16 mm Cine-3D, How I achieve It.

By Mark H. Kershaw B.A, The Netherlands.

email to: euphjm@pi.net

My name is Mark Kershaw and I became a member of the ISU earlier this year. I am a 25 year old English man living in Amsterdam, The Netherlands; I studied Three Dimensional Design at the Manchester Metropolitan University where I wrote my final year thesis on 3-D Films in entertainment titled "RAISE YOUR GLASSES PLEASE". It looked at the popularity of 3-D films and the institutes where they work best: mainstream cinema, theme-park attractions, and how 3-D films can educate as well as entertain.

I started to become interested in 3-D imaging at an early age during the 1980's 3-D cinema boom. I went to see Jaws 3-D amongst many others at that time, and was so impressed that from that point on my long term ambition was to make my own 3-D film. In November 1994 after graduating from college I moved to Amsterdam and after two years of settling down I started to begin my 3-D experiments. I chose to use the 16mm format because not only is it affordable, but the quality is good, it is also a professional technique recognized in the film world. I have never had any kind of film training before, apart from studying film genre at University, but once I had mastered the technical side of using the camera; lighting and film developing I decided to just go for it.

The 16mm camera I use is a 1959 Bolex H16 Reflex; I use a custom-made beam splitting device mounted onto the camera using adjustable brackets. The Bolex company made a stereo device for this camera in the early 1950's, it gave a side by side upright format with no anamorphic squeeze, the effects were apparently fantastic according to friends who used it at the time, and it was one of the first 3-D movie systems on offer to the general public.

Spondon Film Services, a British company who were responsible for the anaglyphic movie attachment for Super-8, 16mm and video cameras, designed and made my beam splitting device which is apparently based on the same design as the ELMO stereo movie unit. The device is used with a prime lens of normal focal length (25mm) which is set onto a locating ring at the back of the unit. The 16mm frame is split in half, unlike the original Bolex system where the images are side by side (portrait) this system rotates the left and right image 90 degrees so you get more width on each frame rather than height. The result is a landscape format, the advantage being that it is a more accepted film format, and the other advantage for me as a cinematographer is that it is more comfortable to work with. The separation between the stereo pair can be increased by the use of a sliding plate on the front of the box, this will exaggerate the landscape format if so desired. There is a convergence lever at the back of the box, which helps you align each shot.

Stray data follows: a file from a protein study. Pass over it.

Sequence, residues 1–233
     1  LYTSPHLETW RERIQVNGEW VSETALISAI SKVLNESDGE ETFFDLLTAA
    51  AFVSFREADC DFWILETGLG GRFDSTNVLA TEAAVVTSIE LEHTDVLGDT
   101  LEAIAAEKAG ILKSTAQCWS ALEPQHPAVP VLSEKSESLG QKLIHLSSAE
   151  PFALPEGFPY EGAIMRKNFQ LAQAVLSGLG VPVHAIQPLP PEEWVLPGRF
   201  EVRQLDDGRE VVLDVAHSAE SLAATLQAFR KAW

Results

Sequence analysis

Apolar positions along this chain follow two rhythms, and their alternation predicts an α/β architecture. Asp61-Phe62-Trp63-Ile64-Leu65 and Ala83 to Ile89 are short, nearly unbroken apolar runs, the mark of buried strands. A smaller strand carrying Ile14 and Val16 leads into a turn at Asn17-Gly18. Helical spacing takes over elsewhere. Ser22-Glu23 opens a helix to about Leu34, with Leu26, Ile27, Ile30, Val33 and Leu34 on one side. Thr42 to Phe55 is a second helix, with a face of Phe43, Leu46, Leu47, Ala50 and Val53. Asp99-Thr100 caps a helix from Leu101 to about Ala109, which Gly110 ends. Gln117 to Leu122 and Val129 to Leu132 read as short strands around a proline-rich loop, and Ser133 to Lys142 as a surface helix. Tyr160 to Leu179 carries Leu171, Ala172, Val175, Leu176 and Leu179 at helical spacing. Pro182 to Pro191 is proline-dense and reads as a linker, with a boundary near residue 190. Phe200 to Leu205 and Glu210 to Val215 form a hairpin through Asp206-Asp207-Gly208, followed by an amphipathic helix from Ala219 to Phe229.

The right hand picture is moved to align itself with the left frame; once locked in position the camera is then ready to shoot. The same Beam splitting box is used for projection. I project the stereo pair back through the box (at this point polarizing filters are added of course!) the images are projected back the right way up and the convergence lever superimposes one picture over another.

I have only been filming with this system for a short time and a lot of my work is very experimental. My first film was made in the Botanical gardens here in Amsterdam from which I have included a snippet for you to free-view. This a was good subject to begin with because of the ready made garden designs with beauty, depth and natural movement of water birds and the wind in the trees. In the winter I will be experimenting with indoor work, designing and making my own sets and experimenting with high-speed films. One particular shot that I am currently working on as of writing this article is the Dutch flag set on the beach at a place called Ijmuiden, approximately one hour from Amsterdam. I will film this at 32 frames per second so when it is played back at 24 frames per second a nice slow motion effect will be achieved picking out every effect that the wind has on the flag. I will place the flag pole in the plane of the stereo window so the forward effect of the flag itself will be comfortable and clear to watch. This I will submit next issue for you to free view along with a photo of the beam splitting device mounted on my camera.

One long-term project of mine is to create a series of films titled "STEREO HOLLAND". This will be a 3-D documentary film promoting the Netherlands, its countryside, traditions, people and culture. The final cut will be a segmented film around 30 minutes with a musical soundtrack. I would like to incorporate the flag at Ijmuiden in the opening scene. I now not only have a passion for stereo imaging but also the 16mm format. And there is nothing like recreating the original cinema environment. Especially in 3-D.

Stereo views on this web page are set up for cross-eyed viewing.